In the occupied West Bank, the long, concrete separation wall winds through the landscape, slicing through Palestinian communities, agricultural fields and farmlands in a steady manner.
The wall, which Israel began constructing in 2002 at the height of the second intifada, has been described by Israeli officials as a necessary security precaution against terrorism.
Palestinians however, have decried the wall as an Israeli mechanism to annex Palestinian territory, as it is built deep within the West Bank and not along the 1967 Green Line.
While the decision is non-binding, it found the wall violates international law and called for its dismantlement. It also ruled that Israel should pay reparations for any damage caused.
Yet 15 years on, the wall has continued to cut through Palestinian communities, taken over natural resources in the occupied West Bank, and has annexed Palestinian land, including areas where Israeli settlements are built on.
“Israel has continued to build and expand the separation wall and has acted as though the ICJ decision did not happen,” Ghassan Daghlas, a Palestinian official who monitors settlement activities in the northern West Bank, told Al Jazeera.
“This has resulted in the strangulation of the West Bank, and has affected the course of life for Palestinians,” he said.
Daghlas said Israel’s complete disregard for the ICJ ruling shows that “it considers itself above international law” and has no qualms in showing its true “racist, apartheid” face to the international community.
‘Matrix of control’
Omar Shakir, the Human Rights Watch director for Israel and Palestine, told Al Jazeera that the separation wall has had a direct effect on Palestinian daily life by separating thousands of Palestinians from each other, the agricultural lands they own, and from critical infrastructure and services.
“The wall itself is part of the matrix of control and rights abuses that are part of the daily Palestinian experience,” Shakir said.
At least 85 percent of the wall’s planned 712km-long route – which is twice as long as the Green Line – is built within Palestinian territory, which Shakir says impacts the Palestinians’ “everyday ability to access services, schools, hospitals, their land, and the rest of the Palestinian population who are also partially cut off from these territories and communities”.
Stop the Wall, a Palestinian grassroots advocacy campaign, said that upon the wall’s completion, Israel will have annexed 46 percent of the West Bank, “isolating communities into Bantustans, ghettos and military zones”.
The group said that the wall will isolate more than 78 Palestinian villages and communities, a total of 266,442 Palestinians.
The vast majority of Palestinians – 257,260 – have their villages and homes surrounded by the wall, settlements and settler-only roads, according to Stop the Wall.
According to Israeli rights group Btselem, at least 11,000 Palestinians live in land designated “seam zones” which lie between the Green Line and the wall, cut off from the rest of the population.
Life for these residents is contingent upon obtaining residency permits from the Israeli civil administration – just to live in their own homes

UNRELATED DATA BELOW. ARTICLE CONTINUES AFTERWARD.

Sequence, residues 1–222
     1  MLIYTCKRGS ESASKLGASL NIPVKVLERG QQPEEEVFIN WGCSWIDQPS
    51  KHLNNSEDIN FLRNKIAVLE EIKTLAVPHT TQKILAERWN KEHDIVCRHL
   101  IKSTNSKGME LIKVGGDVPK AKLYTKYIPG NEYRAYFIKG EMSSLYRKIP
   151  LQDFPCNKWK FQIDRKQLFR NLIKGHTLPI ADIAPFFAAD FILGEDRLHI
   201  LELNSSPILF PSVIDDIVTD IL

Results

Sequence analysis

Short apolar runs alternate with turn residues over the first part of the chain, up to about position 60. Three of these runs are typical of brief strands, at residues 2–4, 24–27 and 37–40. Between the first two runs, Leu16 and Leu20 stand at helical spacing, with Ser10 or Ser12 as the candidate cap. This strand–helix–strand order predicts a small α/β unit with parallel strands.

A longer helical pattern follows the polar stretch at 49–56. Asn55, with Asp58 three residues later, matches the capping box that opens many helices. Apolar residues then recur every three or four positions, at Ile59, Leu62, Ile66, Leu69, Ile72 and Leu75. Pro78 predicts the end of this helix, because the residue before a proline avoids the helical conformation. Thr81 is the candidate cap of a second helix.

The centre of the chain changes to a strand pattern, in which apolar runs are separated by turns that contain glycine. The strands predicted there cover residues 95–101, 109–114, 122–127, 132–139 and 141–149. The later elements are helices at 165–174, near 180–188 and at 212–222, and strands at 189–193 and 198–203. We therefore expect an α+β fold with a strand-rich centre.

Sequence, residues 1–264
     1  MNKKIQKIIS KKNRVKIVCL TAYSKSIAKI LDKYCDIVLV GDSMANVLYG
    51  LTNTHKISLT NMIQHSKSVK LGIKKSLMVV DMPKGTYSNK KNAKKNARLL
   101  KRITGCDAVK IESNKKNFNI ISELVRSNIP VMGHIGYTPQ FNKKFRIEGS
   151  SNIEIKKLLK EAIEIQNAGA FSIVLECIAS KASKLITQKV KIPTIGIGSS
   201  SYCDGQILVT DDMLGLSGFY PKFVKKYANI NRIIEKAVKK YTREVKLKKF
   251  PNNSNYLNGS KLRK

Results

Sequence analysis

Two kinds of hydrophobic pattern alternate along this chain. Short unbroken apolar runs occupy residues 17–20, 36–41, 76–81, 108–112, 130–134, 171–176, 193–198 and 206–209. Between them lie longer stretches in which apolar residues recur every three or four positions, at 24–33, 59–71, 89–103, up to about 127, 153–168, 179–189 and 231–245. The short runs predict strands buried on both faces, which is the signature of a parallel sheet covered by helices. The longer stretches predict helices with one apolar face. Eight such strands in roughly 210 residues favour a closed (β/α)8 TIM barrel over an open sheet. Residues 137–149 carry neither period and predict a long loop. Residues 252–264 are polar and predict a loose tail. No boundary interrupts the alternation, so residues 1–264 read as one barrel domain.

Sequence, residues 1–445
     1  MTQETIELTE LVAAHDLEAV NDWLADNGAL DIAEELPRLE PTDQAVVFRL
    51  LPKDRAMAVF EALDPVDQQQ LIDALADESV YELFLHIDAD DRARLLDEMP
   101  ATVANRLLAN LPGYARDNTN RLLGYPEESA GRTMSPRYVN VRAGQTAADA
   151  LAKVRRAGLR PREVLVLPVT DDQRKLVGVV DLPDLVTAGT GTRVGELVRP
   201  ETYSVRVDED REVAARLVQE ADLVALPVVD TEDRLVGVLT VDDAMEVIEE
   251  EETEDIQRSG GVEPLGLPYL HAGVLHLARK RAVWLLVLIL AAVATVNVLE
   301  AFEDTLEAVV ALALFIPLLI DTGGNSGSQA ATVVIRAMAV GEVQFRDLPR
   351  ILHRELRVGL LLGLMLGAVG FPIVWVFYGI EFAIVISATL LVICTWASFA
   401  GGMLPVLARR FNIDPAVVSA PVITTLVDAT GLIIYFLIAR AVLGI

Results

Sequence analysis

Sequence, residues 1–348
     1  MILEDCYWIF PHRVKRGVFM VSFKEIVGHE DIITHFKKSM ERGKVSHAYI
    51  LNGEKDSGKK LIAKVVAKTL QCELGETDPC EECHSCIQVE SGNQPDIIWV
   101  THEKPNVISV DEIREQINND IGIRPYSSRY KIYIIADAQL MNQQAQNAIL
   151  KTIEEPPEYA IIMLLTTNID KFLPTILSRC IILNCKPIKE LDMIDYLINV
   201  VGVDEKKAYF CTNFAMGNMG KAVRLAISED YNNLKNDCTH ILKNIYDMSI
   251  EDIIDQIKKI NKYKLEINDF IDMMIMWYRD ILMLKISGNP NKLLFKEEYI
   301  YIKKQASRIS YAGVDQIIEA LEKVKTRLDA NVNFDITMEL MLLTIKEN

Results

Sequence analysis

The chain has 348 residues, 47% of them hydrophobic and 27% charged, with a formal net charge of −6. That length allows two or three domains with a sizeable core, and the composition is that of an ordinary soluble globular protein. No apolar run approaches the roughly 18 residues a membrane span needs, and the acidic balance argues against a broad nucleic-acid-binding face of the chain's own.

“Permits must be constantly renewed before they expire so the permit-holders can keep living in their own homes,” the group said, adding that the validity differs from a single day to a couple of years.
The wall, along with hundreds of other Israeli obstacles and checkpoints scattered throughout the occupied West Bank, has not only hindered Palestinian movement but also the Palestinian economy.
“There’s undoubtedly a significant effect on the Palestinian economy,” he said. “The World Bank has estimated in 2013 that restrictions of movement have cost the Palestinian economy $3.4bn a year.”
“Ultimately, more concrete action is needed by the international community in response to the serious violations of international humanitarian human rights laws that are part of the daily reality for Palestinians under occupation,” Shakir said.
Popular protests against the wall
The estimated cost of the wall upon completion is $2.1bn. Topped above the eight-metre high wall – which is twice the height of the Berlin Wall – are barbed wires and electronic motion sensors. Buffer zones can stretch between 30 to 100 metres wide.
The construction of the separation barrier stirred a number of villages into action in the early 2000s, as they used unarmed popular demonstrations to protest against the Israeli annexation of their land.
Budrus, Bilin, and Nilin were among the villages that gained international recognition and notoriety for their protests, as a result of the Israeli response of firing tear gas canisters, rubber-coated steel bullets and live ammunition directly at demonstrators.
Yet in recent years, the protests have dwindled, and lost much of their momentum.
“The level of repression by both the Israelis and the Palestinian Authority restricts the ability of Palestinians in general to engage in activism and protests, including around the separation barrier,” Shakir said.
In the nature of any protracted situation, he added, focus shifts elsewhere, such as the spontaneous protests that broke out following US President Donald Trump’s decision to recognise Jerusalem as Israel’s capital and relocate the US embassy there.
“Every day we witness and live under crimes of colonisation, not just with the separation wall but also with the incessant building of Israeli settlements,” Daghlas said.
“We are defending our dignity, our homeland and the international law which we hope will be implemented soon.”
In the occupied West Bank, the long, concrete separation wall winds through the landscape, slicing through Palestinian communities, agricultural fields and farmlands in a steady manner. The wall, which Israel began constructing in 2002 at the height of the second intifada, has been described by Israeli officials as a necessary security precaution against terrorism.